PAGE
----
Hey guys. Could I trouble you with a request for help, with a technical issue that’s troubling me?
Around 3 weeks ago, I noticed my USB microphone now had a soft buzzing sound in the background, that wouldn’t go away. Long story short, everything else below that line is that I can’t understand WHY there’s this bug; read on, there’s a mystery to solve
That microphone, a Klim My Voice, an USB-plugged microphone, served me perfectly for a year with work, games and skyping, until then, all good.
After the buzzing sound started, I contacted the manufacturer and they sent me a replacement mic… that had the exact same issue. Bad luck happens, but that was starting to be weird. Thus, I ran more tests.
And I noticed that weird thing: the mic buzzes on my desktop, on a new Dell laptop, on an old Dell laptop, at my father in law’s house’s desktop PC, at my desktop that booted a Linux live distro (tested with Ubuntu and OpenSuse)… With ONE exception: when it’s on the laptops, and those laptop aren’t plugged on the AC.
Yep: when the laptop runs on battery, without AC, the buzzing is gone.
And it’s gone in a split second. I tested recordings in which I unplug, replug, unplug, plug the AC back again, and that generated recordings with moments of silence, followed by buzzing, followed by silence, followed by buzzing.
After this, I ran plenty of tests to see if there wasn’t a blind angle to things, if I didn’t overlook things, to rule out possible explanations…
If you want, here’s the list of all I tested:
– Tested the 2 microphones, old and new, in 2 homes, and on 4 PCs. My win10 desktop, my desktop booting OpenSuse from USB, my desktop booting Ubuntu from USB, a new win10 Dell laptop, an old Win10 laptop, and my father in law’s very old desktop with a brand new win10.
In all cases, there was the buzzing, except when it was on the two Dell laptops and they weren’t on the AC but instead ran on batteries.
As the problem happens not just with Windows, but also with Linux, I regret to say it doesn’t seem to be caused by a recent Windows update.
Still, I deleted the mic from the devices manager in Windows 10, let it be reinstalled after a reboot, no change (the manufacturer doesn’t provide drivers for this product, it’s recognized by Windows and works), to no progress.
– There is no fancy effect in the mic’s properties in Windows 10, no noise correction or post-processing (not greyed options, no, no options at all.)
– The Dell laptops have a built-in webcam, recording audio and video, although with a poor audio quality (you hear the laptops’ ventilators and all, bit of a white noise). They record audio without any buzzing at all, with and without AC plugged in. I don’t have another external microphone to test with, regrettably (money doesn’t grow on trees, I’m not going to buy hardware just to run tests).
– The microphones have a “push me right or left” thingy, to adjust their volume. I noticed the volume of the buzzing follows the volume chosen for the mics, faint when the volume is low, strong when the volume of the mics are at their max.
– I gently (and less gently in the end) tried prodding the old mic’s body parts, it didn’t cause any change in the buzzing.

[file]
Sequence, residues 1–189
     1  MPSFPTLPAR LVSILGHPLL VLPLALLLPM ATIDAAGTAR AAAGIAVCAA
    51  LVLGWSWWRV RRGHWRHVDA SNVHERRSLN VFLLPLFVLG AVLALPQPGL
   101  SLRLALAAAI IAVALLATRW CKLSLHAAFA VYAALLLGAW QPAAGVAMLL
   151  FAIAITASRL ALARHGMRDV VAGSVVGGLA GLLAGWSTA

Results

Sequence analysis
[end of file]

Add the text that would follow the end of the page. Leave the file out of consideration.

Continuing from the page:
– The USB male and female plugging parts (end of the mic’s wire, part where it goes in the PCs) were thoroughly verified, dusted, multiple USB female plugs were tested, always to no difference in the end result.
– Because why not, I tested with an USB extension chord between a laptop and one mic, zero difference.
– The buzzing sound was not a software error, it was noticed on Skype (by an annoyed colleague, fuck him), I recorded it with Goldwave on Windows 10, with the default audio recorder built-in windows 10, and with Linux’s Audacity.
– Could an electric apparel cause electric disturbance affecting the sound recording? I got no technical knowledge to tell, but I’ll highlight I tested it at somebody else’s house (my dear father in law, without whom there’s no fixing broken sinks in the family, may he live very long).
Also, at home, I made an experiment (1) turn off every fuse in the breaker box, save the fuse for one room; (2) confirm the buzzing is present and disappears when I record sound on a Dell laptop and suddenly unplug the AC while it’s recording; (3) turn off that room’s fuse; (4) turn on another room’s fuse, bring the laptop to that room, test the very same situation happens. It would tend to confirm there’s nothing providing interference on the power network.
– I’ll mention the plugs in my home are earthed, as are they at my father in law’s home, the two places in which the tests were ran, so it’s not that kind of problem either. I tested on a non-earthed wall plug, though, and: same problem.
– I was tempted to to try switching (“just in case” ©®™ ) the AC adapters of the new and old Dell laptops, but they’re not the same model, the new one has double the voltage, and I don’t dare risk doing something that could, who knows (me, I don’t) perhaps damage the machine and void the new machine’s warranty.
– On the new Dell laptop, I ran the machine’s system diagnostics tools provided by Dell, and it didn’t find anything wrong.
And that’s it, for now, I’m at my wit’s end, I don’t see how else to explain it, and what I may do to fix that problem.
After all, it is possible the old mic simply broke, and the new mic was shipped defective. However unlikely, it isn’t impossible… Unfortunately, that doesn’t explain why the buzzing disappears once I unplug the laptops’ AC, does it?
Would you have an idea, about what may cause that problem?
Thanks if you can help ^^